For a historic mansion, one that has an Islip Town Planned Landmark Designation and a 2020 citation from Preservation Long Island for the historical society that fought for it, the Vanderbilt Mansion …
For a historic mansion, one that has an Islip Town Planned Landmark Designation and a 2020 citation from Preservation Long Island for the historical society that fought for it, the Vanderbilt Mansion isn’t getting much respect.
Neither are the other buildings on the former Dowling College site.
A walk through the main campus area on Friday revealed high grassy areas, empty buildings and no security.
Oakdale Historical Society board secretary Michelle Burke said her husband has chronicled Dowling College’s bankruptcy case, read legal documents, and posted a timeline of the property’s issues, which is on the Oakdale Historical Society Facebook page.
“It started last summer with Mercury International LLC not keeping the grounds up,” Burke said of the current owner. “Another year and we’re in the same, if not worse, condition. It looks like the plains of Nebraska there, but we’re also getting reports of graffiti, people breaking in the buildings and starting fires.”
“We spoke to Inspector Silva from the 5th Precinct about increasing police patrols,” said Oakdale Historical Society president Maryann Almes. “I spoke to [Islip Town supervisor] Angie Carpenter to reach out to the fire marshal. She sent him there to inspect it. [Islip Town] said they’d be mowing the lawn.”
NCF Capital Ltd., of Hong Kong, purchased the 25-acre campus in 2018 for $26.1 million after Princeton Education LLC failed to close. Its affiliate, Mercury International LLC, now owns the 25-acre campus.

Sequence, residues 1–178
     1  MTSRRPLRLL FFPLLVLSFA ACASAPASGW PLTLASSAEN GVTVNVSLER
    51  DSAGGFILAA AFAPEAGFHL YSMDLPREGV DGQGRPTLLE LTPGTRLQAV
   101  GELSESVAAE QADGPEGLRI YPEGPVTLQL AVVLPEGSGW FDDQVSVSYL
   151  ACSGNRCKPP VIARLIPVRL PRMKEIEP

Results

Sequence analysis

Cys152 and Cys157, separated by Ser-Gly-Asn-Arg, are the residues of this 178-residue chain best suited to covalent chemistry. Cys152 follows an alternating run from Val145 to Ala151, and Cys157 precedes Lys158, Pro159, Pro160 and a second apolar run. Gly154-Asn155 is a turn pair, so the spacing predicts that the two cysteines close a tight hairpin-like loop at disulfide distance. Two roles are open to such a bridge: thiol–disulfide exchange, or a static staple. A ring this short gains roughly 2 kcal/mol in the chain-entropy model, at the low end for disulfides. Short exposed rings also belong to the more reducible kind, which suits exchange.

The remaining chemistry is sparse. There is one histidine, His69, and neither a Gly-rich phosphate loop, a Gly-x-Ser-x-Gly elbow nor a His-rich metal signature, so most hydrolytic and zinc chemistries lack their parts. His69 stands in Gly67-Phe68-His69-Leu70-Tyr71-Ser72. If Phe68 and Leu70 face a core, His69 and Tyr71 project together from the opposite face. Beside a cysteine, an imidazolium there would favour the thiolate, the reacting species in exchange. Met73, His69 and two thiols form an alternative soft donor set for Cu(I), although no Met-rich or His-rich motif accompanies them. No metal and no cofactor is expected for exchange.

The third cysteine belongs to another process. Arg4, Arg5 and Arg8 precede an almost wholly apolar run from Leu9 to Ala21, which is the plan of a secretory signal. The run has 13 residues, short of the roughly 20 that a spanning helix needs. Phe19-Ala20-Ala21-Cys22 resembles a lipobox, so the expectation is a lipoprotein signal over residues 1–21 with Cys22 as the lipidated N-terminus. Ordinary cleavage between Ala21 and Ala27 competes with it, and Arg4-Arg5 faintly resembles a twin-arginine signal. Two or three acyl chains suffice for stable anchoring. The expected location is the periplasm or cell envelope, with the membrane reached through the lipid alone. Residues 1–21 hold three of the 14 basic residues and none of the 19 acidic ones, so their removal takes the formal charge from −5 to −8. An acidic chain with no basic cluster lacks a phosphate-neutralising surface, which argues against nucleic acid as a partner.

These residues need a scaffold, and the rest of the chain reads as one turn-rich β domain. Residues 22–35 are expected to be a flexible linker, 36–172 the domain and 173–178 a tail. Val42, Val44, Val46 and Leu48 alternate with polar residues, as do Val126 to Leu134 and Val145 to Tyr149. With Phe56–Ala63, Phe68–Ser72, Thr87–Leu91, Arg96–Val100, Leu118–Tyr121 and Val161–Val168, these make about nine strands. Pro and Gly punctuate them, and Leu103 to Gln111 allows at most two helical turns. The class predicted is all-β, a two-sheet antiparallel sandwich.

But the town has been trying to address the owner’s negligence.
“The Town of Islip sent a fire marshal to the property May 27, June 1 and again on June 9,” said Islip Town communications and media relations director Caroline Smith in an email. “The Town of Islip received an email response from Mercury International [Hong Kong] on June 1, where Mercury indicated they would take care of the condition of the property. Town officials are in the process of gathering the necessary documentation to pass a resolution by the town board to clean and secure the property, should the owner not comply. In addition, appearance tickets will be issued once the courts are open.”
The relationship with Mercury began promisingly enough.
In a Feb. 8, 2018 Suffolk County News article, Thomas Wassel, partner at Cullen and Dykman LLP, which represents the new owners, stated during a Feb. 6, Islip Town Hall West meeting, “… we’re going to bring the property back. It’s a jewel of the community and we intend to polish that jewel to the benefit of the community members.” Mercury International LLC’s director of operations, Don Cook, was also reported saying at the same meeting that the proposed educational institution to be placed there was being labeled as a “degree-granting school.”
The new owners even removed a bush crowding out the historic well in an early attempt to be a good neighbor.
Wassel did not respond to requests for comment.
The 110-room Vanderbilt Mansion was completed in 1901 after an 1899 fire brought down the original Idle Hour residence, built in 1876. The pinnacle of William K. Vanderbilt’s 900-acre estate, it was reconstructed while Dowling College occupied it after yet another fire in 1974.